CASE STUDY #3: 

City of Bozeman Fire Station #3 & 911 Center

Main Challenge

When Gallatin County and the City of Bozeman moved to develop part of Gallatin Regional Park for a new fire station and 911 center, they hit an unexpected snag. Subdividing the land would automatically shift expensive improvement fees that the former landowner had dodged onto the County’s shoulders—even though their project answered to a pressing community need. The City was set on building these public services at the Gallatin Regional Park, but they couldn’t create a precedent where the County was treated preferentially. The entire project ground to a halt, with critical services on hold.

 Key Strategy

Trever hatched a creative solution that released the County from inheriting undue expense, saved the City from setting a harmful precedent for future developments, and substantially sped up the project. His plan involved declaring the buildings condos instead of a subdivision, which let the County preserve the improvement exemptions of the existing PLI (public lands and institutions) zoning on the property.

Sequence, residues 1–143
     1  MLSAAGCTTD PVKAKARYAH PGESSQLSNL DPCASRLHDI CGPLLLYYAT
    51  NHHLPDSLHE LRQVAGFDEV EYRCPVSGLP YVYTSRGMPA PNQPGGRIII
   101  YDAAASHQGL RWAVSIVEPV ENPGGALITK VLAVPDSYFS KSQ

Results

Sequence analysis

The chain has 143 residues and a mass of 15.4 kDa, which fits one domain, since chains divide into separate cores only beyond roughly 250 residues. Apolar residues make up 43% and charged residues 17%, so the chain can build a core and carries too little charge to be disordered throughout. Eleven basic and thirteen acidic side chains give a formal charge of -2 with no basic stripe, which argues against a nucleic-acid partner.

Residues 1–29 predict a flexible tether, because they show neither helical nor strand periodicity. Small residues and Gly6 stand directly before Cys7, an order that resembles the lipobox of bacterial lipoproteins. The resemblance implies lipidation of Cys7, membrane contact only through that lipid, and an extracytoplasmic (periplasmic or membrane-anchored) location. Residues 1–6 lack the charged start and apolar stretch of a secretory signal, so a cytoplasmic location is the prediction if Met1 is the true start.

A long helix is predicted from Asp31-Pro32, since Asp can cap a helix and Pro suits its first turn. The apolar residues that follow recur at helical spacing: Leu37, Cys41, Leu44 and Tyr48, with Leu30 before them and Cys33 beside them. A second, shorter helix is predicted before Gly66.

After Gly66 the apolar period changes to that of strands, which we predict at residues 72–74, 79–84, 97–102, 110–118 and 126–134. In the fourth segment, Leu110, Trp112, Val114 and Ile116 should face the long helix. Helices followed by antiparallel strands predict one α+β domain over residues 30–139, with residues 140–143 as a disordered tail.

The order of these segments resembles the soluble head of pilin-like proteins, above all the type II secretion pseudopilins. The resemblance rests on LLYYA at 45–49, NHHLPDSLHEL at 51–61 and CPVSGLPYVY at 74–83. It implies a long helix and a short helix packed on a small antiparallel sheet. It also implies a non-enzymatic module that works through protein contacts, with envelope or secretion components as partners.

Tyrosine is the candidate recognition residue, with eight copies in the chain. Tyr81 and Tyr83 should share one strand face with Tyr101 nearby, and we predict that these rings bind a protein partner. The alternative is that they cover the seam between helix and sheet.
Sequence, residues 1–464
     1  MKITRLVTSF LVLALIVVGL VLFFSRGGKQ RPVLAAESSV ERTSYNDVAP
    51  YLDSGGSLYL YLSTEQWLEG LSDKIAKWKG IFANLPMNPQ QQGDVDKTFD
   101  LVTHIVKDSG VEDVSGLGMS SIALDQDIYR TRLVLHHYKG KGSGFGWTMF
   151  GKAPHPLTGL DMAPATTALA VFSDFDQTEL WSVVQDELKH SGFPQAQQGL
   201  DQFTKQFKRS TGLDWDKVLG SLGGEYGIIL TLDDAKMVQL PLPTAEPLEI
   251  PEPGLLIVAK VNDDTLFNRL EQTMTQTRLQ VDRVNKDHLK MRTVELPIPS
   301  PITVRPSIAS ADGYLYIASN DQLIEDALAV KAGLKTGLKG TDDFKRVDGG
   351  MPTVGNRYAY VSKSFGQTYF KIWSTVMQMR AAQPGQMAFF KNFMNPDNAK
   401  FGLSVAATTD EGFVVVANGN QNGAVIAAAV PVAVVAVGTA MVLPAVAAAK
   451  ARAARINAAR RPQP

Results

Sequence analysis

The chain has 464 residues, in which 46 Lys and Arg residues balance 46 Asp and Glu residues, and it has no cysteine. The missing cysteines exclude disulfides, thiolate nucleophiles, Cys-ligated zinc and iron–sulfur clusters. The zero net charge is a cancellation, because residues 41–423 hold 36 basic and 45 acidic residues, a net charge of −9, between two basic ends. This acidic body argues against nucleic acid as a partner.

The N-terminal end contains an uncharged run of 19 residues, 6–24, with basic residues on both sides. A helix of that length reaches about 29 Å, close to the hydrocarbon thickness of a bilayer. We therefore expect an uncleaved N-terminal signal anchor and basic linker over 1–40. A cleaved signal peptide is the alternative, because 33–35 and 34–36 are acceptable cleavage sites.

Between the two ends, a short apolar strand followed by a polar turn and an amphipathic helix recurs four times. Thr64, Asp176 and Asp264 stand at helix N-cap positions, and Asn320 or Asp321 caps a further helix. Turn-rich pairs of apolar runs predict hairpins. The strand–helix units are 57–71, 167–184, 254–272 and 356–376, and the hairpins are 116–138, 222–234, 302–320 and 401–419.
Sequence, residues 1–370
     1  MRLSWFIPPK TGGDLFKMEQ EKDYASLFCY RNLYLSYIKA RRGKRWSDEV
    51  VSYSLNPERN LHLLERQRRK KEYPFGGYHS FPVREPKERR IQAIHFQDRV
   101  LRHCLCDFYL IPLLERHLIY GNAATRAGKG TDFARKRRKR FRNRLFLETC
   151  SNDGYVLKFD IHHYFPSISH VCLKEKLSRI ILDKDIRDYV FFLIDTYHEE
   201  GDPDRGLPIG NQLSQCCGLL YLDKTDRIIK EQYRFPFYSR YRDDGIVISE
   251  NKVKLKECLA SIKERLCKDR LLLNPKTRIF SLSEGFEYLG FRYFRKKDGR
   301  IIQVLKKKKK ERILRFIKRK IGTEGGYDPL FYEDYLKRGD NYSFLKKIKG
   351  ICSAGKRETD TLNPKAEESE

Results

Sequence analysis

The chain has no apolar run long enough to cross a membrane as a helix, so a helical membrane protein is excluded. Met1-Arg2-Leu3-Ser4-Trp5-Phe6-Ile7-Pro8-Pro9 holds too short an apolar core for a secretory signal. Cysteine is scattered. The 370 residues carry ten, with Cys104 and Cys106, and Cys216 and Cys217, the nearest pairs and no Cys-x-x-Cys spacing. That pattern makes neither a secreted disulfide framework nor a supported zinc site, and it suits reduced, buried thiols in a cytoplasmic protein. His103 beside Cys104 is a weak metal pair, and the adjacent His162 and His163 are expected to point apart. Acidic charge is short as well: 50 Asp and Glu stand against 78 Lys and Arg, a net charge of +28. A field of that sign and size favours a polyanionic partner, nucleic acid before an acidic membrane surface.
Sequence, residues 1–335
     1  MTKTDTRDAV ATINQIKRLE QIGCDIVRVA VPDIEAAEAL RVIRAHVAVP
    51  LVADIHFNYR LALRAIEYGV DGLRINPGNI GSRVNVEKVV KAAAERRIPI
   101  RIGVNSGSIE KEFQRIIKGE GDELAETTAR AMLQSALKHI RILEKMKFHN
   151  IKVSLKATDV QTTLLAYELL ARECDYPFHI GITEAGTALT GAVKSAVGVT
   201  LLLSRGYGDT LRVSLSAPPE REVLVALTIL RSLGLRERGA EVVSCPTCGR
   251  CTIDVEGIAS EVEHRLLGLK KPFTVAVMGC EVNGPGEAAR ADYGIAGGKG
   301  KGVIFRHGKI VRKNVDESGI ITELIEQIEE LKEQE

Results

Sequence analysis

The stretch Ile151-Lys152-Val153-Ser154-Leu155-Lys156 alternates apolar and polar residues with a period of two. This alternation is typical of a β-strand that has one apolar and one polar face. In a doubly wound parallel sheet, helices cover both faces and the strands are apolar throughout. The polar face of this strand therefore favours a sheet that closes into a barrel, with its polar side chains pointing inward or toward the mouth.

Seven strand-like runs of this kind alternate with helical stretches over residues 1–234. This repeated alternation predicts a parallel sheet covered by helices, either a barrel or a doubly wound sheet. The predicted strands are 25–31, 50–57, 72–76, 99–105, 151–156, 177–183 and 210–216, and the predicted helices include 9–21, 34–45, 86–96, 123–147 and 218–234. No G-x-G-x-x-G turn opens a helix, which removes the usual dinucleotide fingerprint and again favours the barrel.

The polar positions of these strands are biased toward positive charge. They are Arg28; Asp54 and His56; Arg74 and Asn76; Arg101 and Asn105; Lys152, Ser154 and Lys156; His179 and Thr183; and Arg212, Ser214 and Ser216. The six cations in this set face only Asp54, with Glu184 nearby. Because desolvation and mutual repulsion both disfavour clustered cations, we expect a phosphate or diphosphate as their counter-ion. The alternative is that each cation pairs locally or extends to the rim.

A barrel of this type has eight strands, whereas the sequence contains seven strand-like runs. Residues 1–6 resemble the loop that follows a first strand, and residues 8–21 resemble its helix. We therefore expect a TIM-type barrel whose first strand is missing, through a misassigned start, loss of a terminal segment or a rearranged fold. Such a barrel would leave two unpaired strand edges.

Overall Outcome

Under the simpler, less expensive solution of declaring condos, the City and County shook hands, filed papers and broke ground—saving months of time and hundreds of thousands of dollars. Now complete, Fire Station #3 responds to Bozeman’s booming west side, while the new 911 Center operates as the hub for all the emergency services in Gallatin County. 

Credits

Trever devised this unique solution while employed at Morrison-Maierle, which served as chief engineer and surveyor for the project. The County Attorney’s office drafted the first declaration to make a fire station a condo, which the City accepted and filed. Locati Architects helped design the structures.